Marcia Karp wrote:
> Not Smyrna. Myrrha (Ovid's _Metamorphosis_, X.298-502). (Dryden retells
> story in his _Fables Ancient and Modern_.) Your informant is incorrect.
Adonis in Greek mythology, a youth of remarkable beauty, the favourite
of the goddess Aphrodite. Traditionally, he was the product of the
incestuous love Smyrna (Myrrha) entertained for her own father, the
Syrian king Theias.
> She is metamorphosed into the myrrh tree. You'll find there is no
> between Cinyras and his daughter, just great sex. He was duped, and
> and disgusted when he discovered who the girl was with whom he was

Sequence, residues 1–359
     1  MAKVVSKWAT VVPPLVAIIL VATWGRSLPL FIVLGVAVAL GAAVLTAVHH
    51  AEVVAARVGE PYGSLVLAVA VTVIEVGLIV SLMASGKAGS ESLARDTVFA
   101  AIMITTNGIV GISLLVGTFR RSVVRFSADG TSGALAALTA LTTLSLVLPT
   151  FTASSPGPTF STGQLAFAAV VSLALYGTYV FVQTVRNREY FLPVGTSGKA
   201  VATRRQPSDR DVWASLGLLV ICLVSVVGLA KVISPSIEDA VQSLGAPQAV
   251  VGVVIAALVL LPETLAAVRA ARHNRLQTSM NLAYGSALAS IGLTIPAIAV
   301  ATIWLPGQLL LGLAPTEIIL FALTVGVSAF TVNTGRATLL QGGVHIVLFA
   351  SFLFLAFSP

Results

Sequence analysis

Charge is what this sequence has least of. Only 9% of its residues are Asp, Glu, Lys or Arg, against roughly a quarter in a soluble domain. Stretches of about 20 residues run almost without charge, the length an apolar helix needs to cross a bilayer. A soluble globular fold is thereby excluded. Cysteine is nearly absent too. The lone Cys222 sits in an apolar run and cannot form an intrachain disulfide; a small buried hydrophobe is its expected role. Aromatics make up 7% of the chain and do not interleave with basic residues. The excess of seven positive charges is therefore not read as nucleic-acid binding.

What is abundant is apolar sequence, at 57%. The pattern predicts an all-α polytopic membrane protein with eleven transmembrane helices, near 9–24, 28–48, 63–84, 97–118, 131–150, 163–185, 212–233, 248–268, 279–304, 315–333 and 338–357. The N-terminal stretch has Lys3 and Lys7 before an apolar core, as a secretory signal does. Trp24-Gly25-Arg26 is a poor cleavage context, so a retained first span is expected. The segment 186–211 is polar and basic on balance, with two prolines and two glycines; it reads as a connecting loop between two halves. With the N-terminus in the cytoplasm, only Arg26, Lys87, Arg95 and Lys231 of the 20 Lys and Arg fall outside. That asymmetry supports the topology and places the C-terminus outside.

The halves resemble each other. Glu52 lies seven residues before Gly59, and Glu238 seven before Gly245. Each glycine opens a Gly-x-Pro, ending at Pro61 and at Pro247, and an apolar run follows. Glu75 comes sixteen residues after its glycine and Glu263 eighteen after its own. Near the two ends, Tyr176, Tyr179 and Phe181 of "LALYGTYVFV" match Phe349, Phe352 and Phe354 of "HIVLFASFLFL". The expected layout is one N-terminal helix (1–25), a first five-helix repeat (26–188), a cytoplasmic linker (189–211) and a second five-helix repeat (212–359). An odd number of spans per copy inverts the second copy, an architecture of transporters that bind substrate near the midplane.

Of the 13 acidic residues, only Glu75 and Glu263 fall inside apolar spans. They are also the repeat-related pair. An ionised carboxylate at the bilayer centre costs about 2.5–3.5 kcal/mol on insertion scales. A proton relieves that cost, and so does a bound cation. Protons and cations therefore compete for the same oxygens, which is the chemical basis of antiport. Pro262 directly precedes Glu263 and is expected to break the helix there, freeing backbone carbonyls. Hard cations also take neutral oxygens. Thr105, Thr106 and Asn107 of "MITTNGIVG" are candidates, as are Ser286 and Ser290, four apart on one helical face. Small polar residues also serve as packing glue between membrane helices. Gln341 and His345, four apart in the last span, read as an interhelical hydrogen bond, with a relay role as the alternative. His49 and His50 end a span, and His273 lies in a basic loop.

> his wife.
I only told part of the story.
> With all due respect, your reading seems to be playing with words,
True. I have no way of knowing though whether TSE was playing with the same
words here or not. I point out the possibility that he could have and a way
that it would work into the poem. I am not sure how much weight to give it
but I do keep it in mind.
> your own words, ignoring Ovid's story.
Remember that Ovid was retelling Greek stories and changing names around.
It wasn't that he wrote an original novel about a woman named Myrrha and I
decided to rename her.